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Logo of jnnpsycJournal of Neurology, Neurosurgery and PsychiatryVisit this articleSubmit a manuscriptReceive email alertsContact usBMJ
 
J Neurol Neurosurg Psychiatry. 2007 December; 78(12): 1353.
PMCID: PMC2095606

Dorsal intramedullary tuberculoma

A 35‐year‐old male presented with lower back pain, progressive weakness of the ankles, loss of pain, temperature and touch sensation on the medial aspect of the legs, dorsum of the foot and soles, and urinary urgency, frequency and urge incontinence. Ankle dorsiflexors and plantar flexors showed grade 4/5 power with only minimal weakness of knee extension. Bilateral ankle jerks were diminished. Bilateral L3–S1 dermatomes showed 50–70% sensory loss to pain, temperature and touch. The Mantoux test was positive. No chest symptoms or signs were present. CSF examination revealed mild lymphocytosis (20 cells/mm3), elevated proteins (110 mg/dl) and low glucose (40 mg/dl with a blood glucose of 140 mg/dl). CSF Gram stain and bacterial culture were negative.

MRI of the spine showed an intramedullary conglomerate of cystic lesions at the T11–12 vertebral level (fig 11).). Acid fast stain of CSF was negative but CSF culture for Mycobacterium tuberculosis was positive. CSF–PCR for tuberculosis was positive (fig 22).). Chest radiographs were normal. Following a diagnosis of spinal tuberculosis (intramedullary tuberculoma), the patient was started on antituberculosis chemotherapy along with oral corticosteroids. Isoniazid, rifampicin, ethambutol and pyrazinamide were given for the first 3 months followed by isoniazid and rifampicin for 5 months. Corticosteroids were given for 6 weeks and gradually stopped. The patient started showing improvement following 2 weeks of initiation of therapy with continued improvement during the course of treatment and was completely asymptomatic after the full course of treatment. Follow‐up MRI could not be done because of unwillingness of the patient who is being followed‐up clinically and there is no recurrence of symptoms after 6 months of completion of therapy.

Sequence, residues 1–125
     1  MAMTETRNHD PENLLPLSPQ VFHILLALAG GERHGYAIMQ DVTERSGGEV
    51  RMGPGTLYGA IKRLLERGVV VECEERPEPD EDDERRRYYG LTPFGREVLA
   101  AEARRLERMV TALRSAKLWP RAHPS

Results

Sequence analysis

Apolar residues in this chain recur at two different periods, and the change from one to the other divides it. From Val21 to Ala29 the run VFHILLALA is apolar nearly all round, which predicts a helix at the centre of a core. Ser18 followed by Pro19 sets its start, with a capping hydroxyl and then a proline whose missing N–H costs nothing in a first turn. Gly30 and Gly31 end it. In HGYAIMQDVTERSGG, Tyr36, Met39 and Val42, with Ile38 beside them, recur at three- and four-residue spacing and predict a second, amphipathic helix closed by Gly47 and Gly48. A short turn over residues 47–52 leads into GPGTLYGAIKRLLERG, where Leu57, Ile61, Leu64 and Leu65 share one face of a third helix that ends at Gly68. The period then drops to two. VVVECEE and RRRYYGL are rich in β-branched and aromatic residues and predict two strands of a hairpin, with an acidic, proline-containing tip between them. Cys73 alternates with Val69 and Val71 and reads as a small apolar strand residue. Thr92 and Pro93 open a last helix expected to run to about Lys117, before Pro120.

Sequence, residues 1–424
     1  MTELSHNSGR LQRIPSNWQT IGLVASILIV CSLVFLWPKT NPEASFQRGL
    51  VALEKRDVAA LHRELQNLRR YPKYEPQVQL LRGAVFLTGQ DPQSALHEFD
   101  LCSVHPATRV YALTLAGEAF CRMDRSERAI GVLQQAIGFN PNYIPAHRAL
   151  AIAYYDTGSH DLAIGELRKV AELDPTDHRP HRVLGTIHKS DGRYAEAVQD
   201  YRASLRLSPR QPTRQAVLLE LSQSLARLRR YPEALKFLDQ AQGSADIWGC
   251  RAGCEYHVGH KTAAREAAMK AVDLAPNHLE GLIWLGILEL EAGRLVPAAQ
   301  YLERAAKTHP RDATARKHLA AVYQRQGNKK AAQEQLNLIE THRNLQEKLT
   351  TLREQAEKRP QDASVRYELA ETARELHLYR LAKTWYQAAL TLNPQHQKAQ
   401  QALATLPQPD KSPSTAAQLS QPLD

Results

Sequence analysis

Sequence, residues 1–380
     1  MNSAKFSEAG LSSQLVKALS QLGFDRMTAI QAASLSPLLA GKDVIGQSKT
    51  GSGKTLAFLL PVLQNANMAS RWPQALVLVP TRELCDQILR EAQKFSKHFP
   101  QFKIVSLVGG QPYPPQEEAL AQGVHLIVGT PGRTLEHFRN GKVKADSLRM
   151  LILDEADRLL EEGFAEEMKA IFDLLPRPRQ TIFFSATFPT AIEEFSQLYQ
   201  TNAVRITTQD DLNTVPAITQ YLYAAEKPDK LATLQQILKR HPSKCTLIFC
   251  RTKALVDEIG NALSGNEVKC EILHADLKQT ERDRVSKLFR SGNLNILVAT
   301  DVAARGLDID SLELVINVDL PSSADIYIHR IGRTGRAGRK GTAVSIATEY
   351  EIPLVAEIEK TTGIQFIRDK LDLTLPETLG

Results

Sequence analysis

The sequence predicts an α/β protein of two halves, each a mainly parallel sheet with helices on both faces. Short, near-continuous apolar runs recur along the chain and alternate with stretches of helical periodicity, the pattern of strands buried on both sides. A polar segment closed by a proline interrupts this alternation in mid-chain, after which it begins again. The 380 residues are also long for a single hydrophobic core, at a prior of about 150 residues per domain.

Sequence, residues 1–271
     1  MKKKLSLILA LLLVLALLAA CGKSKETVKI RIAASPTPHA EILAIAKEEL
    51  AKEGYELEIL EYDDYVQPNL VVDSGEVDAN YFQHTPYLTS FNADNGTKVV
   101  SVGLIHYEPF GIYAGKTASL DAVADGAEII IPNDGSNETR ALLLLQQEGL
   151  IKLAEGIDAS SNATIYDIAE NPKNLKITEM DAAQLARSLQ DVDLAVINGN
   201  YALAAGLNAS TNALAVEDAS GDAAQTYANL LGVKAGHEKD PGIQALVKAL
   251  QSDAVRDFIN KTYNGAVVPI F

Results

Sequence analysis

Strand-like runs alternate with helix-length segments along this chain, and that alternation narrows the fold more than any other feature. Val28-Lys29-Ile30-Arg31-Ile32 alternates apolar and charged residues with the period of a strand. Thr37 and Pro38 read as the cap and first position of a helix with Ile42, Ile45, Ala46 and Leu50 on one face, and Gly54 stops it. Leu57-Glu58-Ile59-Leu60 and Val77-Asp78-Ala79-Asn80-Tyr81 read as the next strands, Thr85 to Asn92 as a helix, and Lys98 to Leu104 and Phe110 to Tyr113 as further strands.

figure jn116012.f1
Figure 1 MRI of the spine showing a well defined intramedullary conglomerate of cystic lesions at the T11–12 vertebral level. Perilesional and cord oedema extending up to the T7 vertebral level upwards and till conus downwards, and hypointense ...
figure jn116012.f2
Figure 2 CSF PCR showing a characteristic 240 bp band, indicative of the MPT gene of Mycobacterium tuberculosis.

Intramedullary tuberculomas, although well known, are an uncommon occurrence.1,2 They have a typical appearance of “ring enhancing lesions” on MRI and the differential diagnosis includes neoplastic, demyelinating, vascular, inflammatory and other granulomatous lesions.3 In our case, CSF culture for Mycobacterium tuberculosis and PCR confirmed the diagnosis along with the typical MRI appearance of the lesion.

Footnotes

Competing interests: None.

References

1. Parmar H, Shah J, Patkar D. et al Intramedullary tuberculomas. MR findings in seven patients. Acta Radiol 2000. 41572–577.577 [PubMed]
2. Li H, You C, Yang Y. et al Intramedullary spinal tuberculoma: report of three cases. Surg Neurol 2006. 65185–188.188 [PubMed]
3. Bernaerts A, Vanhoenacker F M, Parizel P M. et al Tuberculosis of the central nervous system: overview of neuroradiological findings. Eur Radiol 2003. 131876–1890.1890 [PubMed]

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